Zavaleta praised Mexico City residents for their willingness to discuss the issue so openly before the Mexico City legislature (Asamblea Legislativa del Distrito Federal, ALDF) voted in 2007 to allow abortion rights. The SCJN later ratified the Mexico City decision.
But Zavaleta also pointed out that the inconsistency in the Mexico City law versus that of other states reflects the views of the citizens of those entities. "While it’s true that the majority of citizens in the Federal District opposed the criminalization of abortion, the opposite is true in many states in our country," said the UNAM expert.
The semi-independent Comisión de Derechos Humanos del Distrito Federal (CDHDF) also raised concerns about the discrepancies across state borders on abortion. "It is a very serious matter that a supposedly constitutional and democratic government like Mexico's establishes different levels of human rights protection for women, depending on which state they live in," said the CDHDF.
Mexico City Mayor Marcelo Ebrard--who helped push through the measure to decriminalize abortion in Mexico City—weighed in with the seven justices who voted to oppose the measures in Baja California and San Luis Potosí. The mayor said the prohibition of abortion would send the procedures underground, "and this does not resolve any problems."
"I will not change my point of view or my convictions about abortion and gay rights if elected president," the mayor said.
Guadalajara cardinal involved in new controversyIn an earlier controversy, a previously confidential diplomatic dispatch leaked through Wikileaks Web site in July of this year suggested that Cardinal Juan Sandoval Íñiguez of Guadalajara, in a meeting with Francis Rooney, then US ambassador to the Vatican, had raised concerns in 2006 about the rise of leftist leaders in Latin America, including then candidate López Obrador.
"Sandoval, after mentioning his personal dream of building a sanctuary in Guadalajara to commemorate Mexican martyrs, echoed some of our Vatican interlocutors in raising concern about the increasing presence of leftist leaders in Latin America—[Fidel] Castro, [Hugo] Chavez, [Evo] Morales, [Nestor] Kirchner, [Michelle] Bachelet, and perhaps Lopez Obrador--and called it a dangerous trend," said the dispatch, dated April 6, 2006. "He asked whether President [George W.] Bush could help. Sandoval said that under Lopez Obrador's governance, crime and violence had risen in Mexico City."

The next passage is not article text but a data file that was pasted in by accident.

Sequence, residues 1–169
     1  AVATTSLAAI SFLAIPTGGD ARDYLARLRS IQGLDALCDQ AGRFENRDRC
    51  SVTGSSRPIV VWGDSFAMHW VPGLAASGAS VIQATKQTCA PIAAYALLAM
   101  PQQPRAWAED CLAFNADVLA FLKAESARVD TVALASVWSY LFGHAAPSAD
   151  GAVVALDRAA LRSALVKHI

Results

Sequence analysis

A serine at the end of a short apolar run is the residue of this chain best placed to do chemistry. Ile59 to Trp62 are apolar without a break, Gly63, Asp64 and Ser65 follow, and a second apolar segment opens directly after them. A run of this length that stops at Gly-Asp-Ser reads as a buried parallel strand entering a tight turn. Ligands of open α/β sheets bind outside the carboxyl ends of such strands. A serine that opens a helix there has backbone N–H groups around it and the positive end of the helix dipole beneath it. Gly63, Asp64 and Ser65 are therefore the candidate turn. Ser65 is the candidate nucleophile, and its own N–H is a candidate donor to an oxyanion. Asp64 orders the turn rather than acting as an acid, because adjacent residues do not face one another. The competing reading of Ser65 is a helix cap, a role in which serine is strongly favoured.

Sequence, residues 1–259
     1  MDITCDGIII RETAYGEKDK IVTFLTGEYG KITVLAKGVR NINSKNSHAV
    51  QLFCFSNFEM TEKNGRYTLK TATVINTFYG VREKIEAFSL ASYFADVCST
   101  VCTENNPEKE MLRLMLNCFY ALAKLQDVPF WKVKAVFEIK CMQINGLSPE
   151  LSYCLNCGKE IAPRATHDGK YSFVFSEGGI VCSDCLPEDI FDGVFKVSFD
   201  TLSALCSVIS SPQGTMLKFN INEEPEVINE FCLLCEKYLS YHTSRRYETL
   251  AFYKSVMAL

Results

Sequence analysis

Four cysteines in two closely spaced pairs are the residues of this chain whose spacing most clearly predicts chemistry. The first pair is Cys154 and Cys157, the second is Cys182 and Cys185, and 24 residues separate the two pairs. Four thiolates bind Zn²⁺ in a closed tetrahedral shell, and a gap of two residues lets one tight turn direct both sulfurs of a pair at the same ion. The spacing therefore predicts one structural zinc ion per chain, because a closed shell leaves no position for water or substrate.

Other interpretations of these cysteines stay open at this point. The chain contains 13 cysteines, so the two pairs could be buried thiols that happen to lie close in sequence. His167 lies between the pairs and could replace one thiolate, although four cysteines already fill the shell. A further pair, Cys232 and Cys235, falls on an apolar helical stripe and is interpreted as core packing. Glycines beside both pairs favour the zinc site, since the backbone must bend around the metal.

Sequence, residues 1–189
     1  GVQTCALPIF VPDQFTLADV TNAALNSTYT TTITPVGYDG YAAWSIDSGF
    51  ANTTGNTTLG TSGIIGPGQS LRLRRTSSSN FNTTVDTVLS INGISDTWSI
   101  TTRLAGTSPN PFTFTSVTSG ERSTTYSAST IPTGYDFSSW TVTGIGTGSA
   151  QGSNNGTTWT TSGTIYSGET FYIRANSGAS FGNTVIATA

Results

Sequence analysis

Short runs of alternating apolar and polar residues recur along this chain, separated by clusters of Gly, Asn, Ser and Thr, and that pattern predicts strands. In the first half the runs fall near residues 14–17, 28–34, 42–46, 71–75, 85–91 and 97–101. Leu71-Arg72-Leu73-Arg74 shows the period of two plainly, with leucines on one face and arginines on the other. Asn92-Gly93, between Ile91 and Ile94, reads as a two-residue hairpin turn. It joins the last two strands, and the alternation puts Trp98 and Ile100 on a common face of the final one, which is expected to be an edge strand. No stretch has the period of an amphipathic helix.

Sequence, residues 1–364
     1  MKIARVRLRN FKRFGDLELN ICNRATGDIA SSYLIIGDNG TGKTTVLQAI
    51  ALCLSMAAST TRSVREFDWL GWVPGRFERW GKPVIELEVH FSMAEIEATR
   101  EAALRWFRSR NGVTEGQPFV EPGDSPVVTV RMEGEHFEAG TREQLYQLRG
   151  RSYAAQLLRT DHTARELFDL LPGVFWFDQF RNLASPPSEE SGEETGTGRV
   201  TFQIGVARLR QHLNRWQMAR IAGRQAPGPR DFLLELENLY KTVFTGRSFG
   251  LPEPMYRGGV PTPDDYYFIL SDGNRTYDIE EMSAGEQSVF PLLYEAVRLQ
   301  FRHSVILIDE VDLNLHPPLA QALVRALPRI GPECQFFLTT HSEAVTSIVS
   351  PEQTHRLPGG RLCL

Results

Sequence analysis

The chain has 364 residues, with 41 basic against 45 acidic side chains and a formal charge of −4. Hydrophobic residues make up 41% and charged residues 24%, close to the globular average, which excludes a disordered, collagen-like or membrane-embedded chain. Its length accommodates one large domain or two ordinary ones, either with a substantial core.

The Wikileaks dispatch created indignation in Mexico and brought a swift reaction from the Archdiocese of Guadalajara denying that Sandoval had been involved in a conspiracy against López Obrador, who narrowly lost the presidential race to Felipe Calderón in a disputed election (SourceMex, July 12, 2006 ).
In an editorial, the center-left Mexico City daily newspaper La Jornada suggested that the matter deserved closer investigation by the Mexican government. "In a country of laws, the behavior of Sandoval Íñiguez would merit further clarification, an investigation, and a sanction according to the law," said the newspaper. "But the cardinal from Jalisco is supported by a history of impunity that has freed him from charges of illegal political campaigning, violations of our principles of separation of church and state, money laundering, misuse of donations, and protection of pedophile priests."
President Carlos Salinas de Gortari’s administration might have been behind the murder of Cardinal Juan Jesus Posadas Ocampo in Guadalajara in May 1993.
The Archdiocese of Guadalajara issued a strong statement denying that Sandoval had in any way sought to influence the 2006 election. "[The cardinal] is not interested in becoming involved in the political affairs of our country," said a statement from the archdiocese.
The statement went on to say that Sandoval and López Obrador had met on several occasions at the request of the PRD politician. "There has always been a relationship of mutual respect between them," said the archdiocese. "The cardinal values the work of the left, which is necessary for a true political discourse in our country, even though there are some points of disagreement."
The archdiocese did not deny that a meeting took place between Sandoval and Rooney. "The only theme that was addressed was the request for US support for the construction of the Santuario de los Mártires," said the archdiocese. "This assistance was never received."